Here are the Bookish staff’s personal weekend reading recommendations; have you read any of them? Tell us in the comments what you’ll be reading this weekend! If you’re still looking for some inspiration, check out our Spring Previews.
An interesting read of one of the very first encounters between the United States and China, and the beginning of our relationship. —Bob
One of my reading regrets of 2014 was that I never continued the Dublin Murder Squad series, despite absolutely falling head-over-heels in love with In the Woods. I didn’t think Tana French could get better and somehow she did in the sequel The Likeness. Now I’m on the third book and continue to be amazed with French’s eloquence and her ability to bring modern Ireland to life like no other author I’ve known. I’m pretty sure all of my friends, family, and coworkers are sick of hearing about my undying love for her but I don’t care. This book is everything to me right now. —Kelly
There was a dark time where I foolishly thought that I didn’t enjoy reading nonfiction. Thankfully, I’ve been making up for lost time by seeking out great memoirs like Girl in the Dark, The Most Dangerous Animal of All, and now Confessions of a Sociopath. I’m pretty early into this book, but already am enjoying this look into a mind that many of us have misconceptions about and don’t understand. —Kelly
I’m lucky enough to be an early reader for The Mountain Shadow, the sequel to Shantaram. Shantaram was nearly 1,000 pages long, and the new book is about the same, but what pages they are! The language is beautiful, the action is kinetic, and the city of Bombay is just as vivid a character as it was in Shantaram. In every chapter I’m stopped by a brilliant insight, perfectly phrased. “What dream, what hope, what despair drives us to the things we do, just to desert us when the deed is done? What hollow things are they, motive and reason, born at night to fade so quickly in the sunlight of consequence? What we do in life lives on inside us, long after ambition and fear lie frosted and opaqued on forgotten shores. What we do in life, more than what we think or say, is what we are.” Wow. —Joe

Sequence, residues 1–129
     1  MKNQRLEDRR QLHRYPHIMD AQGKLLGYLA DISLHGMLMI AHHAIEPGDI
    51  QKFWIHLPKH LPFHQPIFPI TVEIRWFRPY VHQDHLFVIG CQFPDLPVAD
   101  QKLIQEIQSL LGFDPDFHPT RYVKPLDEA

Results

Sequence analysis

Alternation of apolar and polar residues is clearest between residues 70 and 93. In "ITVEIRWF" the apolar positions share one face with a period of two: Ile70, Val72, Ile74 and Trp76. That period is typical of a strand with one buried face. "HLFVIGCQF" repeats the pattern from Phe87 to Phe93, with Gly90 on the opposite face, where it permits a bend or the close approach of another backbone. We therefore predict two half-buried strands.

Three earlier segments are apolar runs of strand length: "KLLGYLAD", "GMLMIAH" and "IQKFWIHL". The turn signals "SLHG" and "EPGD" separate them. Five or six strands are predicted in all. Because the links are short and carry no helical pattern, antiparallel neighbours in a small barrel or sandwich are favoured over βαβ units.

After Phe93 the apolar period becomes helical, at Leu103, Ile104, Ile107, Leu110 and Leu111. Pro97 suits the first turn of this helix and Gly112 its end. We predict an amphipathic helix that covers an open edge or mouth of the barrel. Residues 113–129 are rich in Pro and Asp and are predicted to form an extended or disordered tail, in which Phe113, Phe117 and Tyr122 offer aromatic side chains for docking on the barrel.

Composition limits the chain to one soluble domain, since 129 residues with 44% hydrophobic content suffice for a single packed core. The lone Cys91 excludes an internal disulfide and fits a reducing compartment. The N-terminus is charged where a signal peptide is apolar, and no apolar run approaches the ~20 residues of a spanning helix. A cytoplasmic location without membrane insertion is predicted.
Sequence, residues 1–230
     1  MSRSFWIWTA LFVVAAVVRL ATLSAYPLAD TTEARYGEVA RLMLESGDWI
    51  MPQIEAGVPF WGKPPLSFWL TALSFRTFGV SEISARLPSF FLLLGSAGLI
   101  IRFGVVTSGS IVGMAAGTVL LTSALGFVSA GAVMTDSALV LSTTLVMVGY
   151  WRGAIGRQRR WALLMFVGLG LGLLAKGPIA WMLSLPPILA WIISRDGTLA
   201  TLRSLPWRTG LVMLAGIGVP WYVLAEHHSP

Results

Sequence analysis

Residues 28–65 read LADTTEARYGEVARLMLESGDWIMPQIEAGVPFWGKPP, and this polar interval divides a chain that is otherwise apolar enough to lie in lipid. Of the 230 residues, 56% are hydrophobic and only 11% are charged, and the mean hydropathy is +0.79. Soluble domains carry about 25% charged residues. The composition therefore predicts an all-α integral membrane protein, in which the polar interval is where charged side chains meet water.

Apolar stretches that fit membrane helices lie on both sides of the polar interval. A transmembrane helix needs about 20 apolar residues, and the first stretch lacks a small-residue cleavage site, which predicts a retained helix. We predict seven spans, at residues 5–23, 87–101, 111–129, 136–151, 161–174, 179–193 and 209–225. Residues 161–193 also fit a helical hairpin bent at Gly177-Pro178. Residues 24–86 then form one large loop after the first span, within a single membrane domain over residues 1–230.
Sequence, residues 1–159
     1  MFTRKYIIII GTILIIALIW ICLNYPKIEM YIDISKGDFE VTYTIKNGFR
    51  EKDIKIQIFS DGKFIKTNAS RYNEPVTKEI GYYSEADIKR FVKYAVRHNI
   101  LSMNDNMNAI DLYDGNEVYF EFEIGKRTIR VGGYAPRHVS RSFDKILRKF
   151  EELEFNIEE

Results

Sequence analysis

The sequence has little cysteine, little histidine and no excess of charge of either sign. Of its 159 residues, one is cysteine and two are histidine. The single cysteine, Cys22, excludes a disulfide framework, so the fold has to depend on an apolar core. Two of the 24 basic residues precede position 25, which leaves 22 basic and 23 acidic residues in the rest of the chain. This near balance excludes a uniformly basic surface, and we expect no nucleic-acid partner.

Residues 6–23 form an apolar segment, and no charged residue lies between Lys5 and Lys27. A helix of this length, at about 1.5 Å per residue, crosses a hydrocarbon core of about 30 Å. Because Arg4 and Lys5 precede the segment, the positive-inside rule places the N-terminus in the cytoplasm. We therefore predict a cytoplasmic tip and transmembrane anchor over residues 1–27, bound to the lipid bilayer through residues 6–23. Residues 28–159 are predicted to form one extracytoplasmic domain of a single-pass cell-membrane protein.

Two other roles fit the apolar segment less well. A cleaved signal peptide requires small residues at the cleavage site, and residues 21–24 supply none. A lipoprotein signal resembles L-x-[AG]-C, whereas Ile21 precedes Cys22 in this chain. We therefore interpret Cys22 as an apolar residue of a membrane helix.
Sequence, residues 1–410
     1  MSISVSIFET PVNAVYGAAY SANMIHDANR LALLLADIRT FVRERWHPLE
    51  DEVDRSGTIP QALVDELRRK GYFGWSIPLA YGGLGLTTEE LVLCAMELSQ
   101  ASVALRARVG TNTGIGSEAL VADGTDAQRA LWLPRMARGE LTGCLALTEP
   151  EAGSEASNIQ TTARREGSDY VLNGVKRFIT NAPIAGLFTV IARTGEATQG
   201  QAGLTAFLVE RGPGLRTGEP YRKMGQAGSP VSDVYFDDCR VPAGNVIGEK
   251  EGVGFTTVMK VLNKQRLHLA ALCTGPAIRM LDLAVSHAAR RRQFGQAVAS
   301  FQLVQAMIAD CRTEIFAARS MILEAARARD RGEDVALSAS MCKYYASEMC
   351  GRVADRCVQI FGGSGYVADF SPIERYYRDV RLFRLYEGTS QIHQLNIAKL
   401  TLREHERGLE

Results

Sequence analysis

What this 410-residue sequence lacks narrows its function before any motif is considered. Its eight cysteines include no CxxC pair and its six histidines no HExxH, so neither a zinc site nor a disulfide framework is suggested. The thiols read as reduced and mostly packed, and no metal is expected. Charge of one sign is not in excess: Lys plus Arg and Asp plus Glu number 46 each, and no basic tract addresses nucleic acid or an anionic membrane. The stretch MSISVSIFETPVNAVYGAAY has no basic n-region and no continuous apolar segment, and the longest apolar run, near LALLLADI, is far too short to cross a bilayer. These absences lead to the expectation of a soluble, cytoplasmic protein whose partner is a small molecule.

I’m continuing Becoming Steve Jobs. Favorite item I’ve read this week is that the catalyst for the iPod, which was foreshadowed by iTunes, was a speech given by Bill Gates at CES in, like, 1999, about how digital was going to change everything beyond computing. Jobs had returned to Apple from his years in the wilderness and after spending most of a year cleaning up the place, turned his attention to a new product line that would move the company forward. iTunes led to iPod which led to iPhone and that’s what turned Apple from a very good but no-growth company into the most valuable commercial enterprise on the planet. Irony of it is that in this telling it was Gates pointing Jobs in the right direction—not unlike Xerox Parc did decades earlier—and Jobs just being much better than anyone else at executing on the right interface at the right time. —Mike